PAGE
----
May 7th 2017
Romans 13:8-14 Acts 2:42-47
If today’s scripture reading (from the Acts of the Apostles) sounds vaguely familiar, it is because it was only two weeks ago that we read the verses that immediately precede today’s. Peter, who, with the disciples, had just experienced the Holy Spirit, had been defending their faith to the throngs of Jews in the streets of Jerusalem, there to celebrate the feast of Shavuot, (which marked the day the Israel people, through Moses, received the commandments from God on Mt. Sanai). And I mentioned that Luke records, that after listening to Peter speak, about 3,000 of those Jews repented and were baptized.
So my question to you is, if you were being questioned about your faith, like Peter had, how would you explain this fella Jesus you say you believe in? What exactly is it you believe? If you were asked, ‘if he was the son of God, as your Bible says, why did he come to live among men and women, and why 2000 years ago,’ what would your reply be? How would you explain Jesus to your questioner?
I know all the answers we’ve been trained to respond with, some of us (like me) have been raised in the church since before we were old enough to read, to repeat the ‘pat’ answers to those questions: ‘He came to save our souls, to bring us salvation, to wash our sins away.’ These are the answers that we too often parrot, when someone outside of our ‘churched’ circle of friends, brings up the subject of God, or faith, or religion. Instinctively we retreat to those “buzz” phrases, mostly because to give a more in-depth answer would require us to think beyond those phrases, and we don’t feel on very solid ground when are challenged to explain them… without resorting to parroting more of the same phrases. These are the answers that quickly turn away someone who had been sincerely questioning. I also realize that to give something greater-than a superficial answer, to these pretty ‘weighty’ questions, requires that you give them some really personal introspective thought.
It is almost universally accepted by Biblical scholars that that fella Jesus lived somewhere between thirty and thirty-three years, and that his ministry began about three years before he was crucified. If that is true, (and we feel confident in this through the references in the Gospels to independent historically-verifiable events), why was it necessary for Jesus to wander around the country-side teaching the common people for three full years? Why not go directly to the place where all Jews believed God resided, the Temple in Jerusalem – to proclaim God had anointed him to announce “the year of the Lord was at hand” instead of going to the tiny synagogue in his home-town village of Nazareth? Why not just save our souls – wash our sins away, immediately? God had to have had a plan, of why Jesus needed to spend three years in ministry to both Jews and Gentiles.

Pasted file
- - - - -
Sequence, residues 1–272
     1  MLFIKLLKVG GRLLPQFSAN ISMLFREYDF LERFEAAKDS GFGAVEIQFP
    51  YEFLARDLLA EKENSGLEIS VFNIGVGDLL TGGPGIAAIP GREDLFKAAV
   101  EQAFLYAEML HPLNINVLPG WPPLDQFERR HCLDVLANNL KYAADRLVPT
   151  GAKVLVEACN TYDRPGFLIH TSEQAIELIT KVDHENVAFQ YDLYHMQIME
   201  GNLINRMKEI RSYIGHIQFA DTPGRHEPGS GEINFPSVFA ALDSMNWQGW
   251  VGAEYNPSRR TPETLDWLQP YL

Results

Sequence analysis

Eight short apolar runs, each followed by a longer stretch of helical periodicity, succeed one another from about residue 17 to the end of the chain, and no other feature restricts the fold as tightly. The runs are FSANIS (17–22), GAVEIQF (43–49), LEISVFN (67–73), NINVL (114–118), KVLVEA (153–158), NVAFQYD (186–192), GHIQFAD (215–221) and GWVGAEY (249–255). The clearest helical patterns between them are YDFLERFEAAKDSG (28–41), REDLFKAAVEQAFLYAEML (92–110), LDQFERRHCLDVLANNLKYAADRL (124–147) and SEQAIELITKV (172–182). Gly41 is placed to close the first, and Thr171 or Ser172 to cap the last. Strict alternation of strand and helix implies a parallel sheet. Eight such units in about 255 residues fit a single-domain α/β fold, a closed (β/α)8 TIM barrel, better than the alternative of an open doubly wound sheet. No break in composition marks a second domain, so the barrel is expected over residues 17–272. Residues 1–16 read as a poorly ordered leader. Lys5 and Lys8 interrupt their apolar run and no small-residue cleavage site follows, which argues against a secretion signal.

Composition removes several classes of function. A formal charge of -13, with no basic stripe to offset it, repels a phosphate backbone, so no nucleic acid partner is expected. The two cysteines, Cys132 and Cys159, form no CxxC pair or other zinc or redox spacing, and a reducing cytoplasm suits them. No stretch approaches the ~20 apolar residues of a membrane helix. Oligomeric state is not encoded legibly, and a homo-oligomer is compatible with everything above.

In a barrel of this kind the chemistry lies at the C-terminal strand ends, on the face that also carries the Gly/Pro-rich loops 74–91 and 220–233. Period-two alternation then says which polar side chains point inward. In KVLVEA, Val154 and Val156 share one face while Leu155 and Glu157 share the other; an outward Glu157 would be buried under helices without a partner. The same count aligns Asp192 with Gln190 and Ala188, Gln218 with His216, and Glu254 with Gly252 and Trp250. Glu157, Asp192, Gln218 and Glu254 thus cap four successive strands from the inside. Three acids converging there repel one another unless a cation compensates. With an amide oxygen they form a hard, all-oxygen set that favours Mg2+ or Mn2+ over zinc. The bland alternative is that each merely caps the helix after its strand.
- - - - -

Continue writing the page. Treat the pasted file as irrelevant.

Something said this past Tuesday by the developer of the lesson plan we are currently using for our Bible Study got me thinking about whom this Jesus was, and what some of my answers to those questions might be. The resource we are using is presented by Rev. Mike Slaughter (a United Methodist minister from Ohio). I went back and watched the video because I wanted to quote it exactly in the words he used, which were,
“here’s what Jesus said to us, ‘a new commandment I give to you’, this is the only new thing that Jesus taught us, virtually everything else he just expounded upon or gave greater clarity to from the old covenant, the Old Testament, but here’s the one new thing, he said, ‘love other people as I love you, by this all people will know that you are my disciples.’[i]” [ii]
Now of course Jesus expressed this thought many times, often in broader and even more inclusive language; he said “Love one another”, he said “love your neighbor, as much as you love yourself”[iii] he even said “love your enemies.”[iv] In each case, when he says “love” he uses the verb for love which means a selfless, self-sacrificial love; a love that most of us rarely share with anyone. When Slaughter made the statement, I was not struck by ‘what’ Jesus said, (because I’ve been preaching that lesson here at Greenwood Baptist for 8 ½ years); what struck me was that this was the only new thing Jesus ever taught us. And even though, in the course of those 8 ½ years, I have probably said this, or something very similar, hearing it expressed exactly the way Slaughter put it stuck in my mind. And when you give it some serious thought, you’ll realize he is absolutely correct, it is the only new thing Jesus taught us. If you use one of those Bibles which highlight Jesus’ words in red ink, you’ll recognize that, in those moments when Jesus is ‘teaching’ us, he was, either directly quoting, paraphrasing, or citing the lessons which were written in the Hebrew texts. But when we see Jesus in action, when he is interacting with people, when he is healing, when he is reaching across divides, we see him demonstrating the kind of love he describes in this one commandment.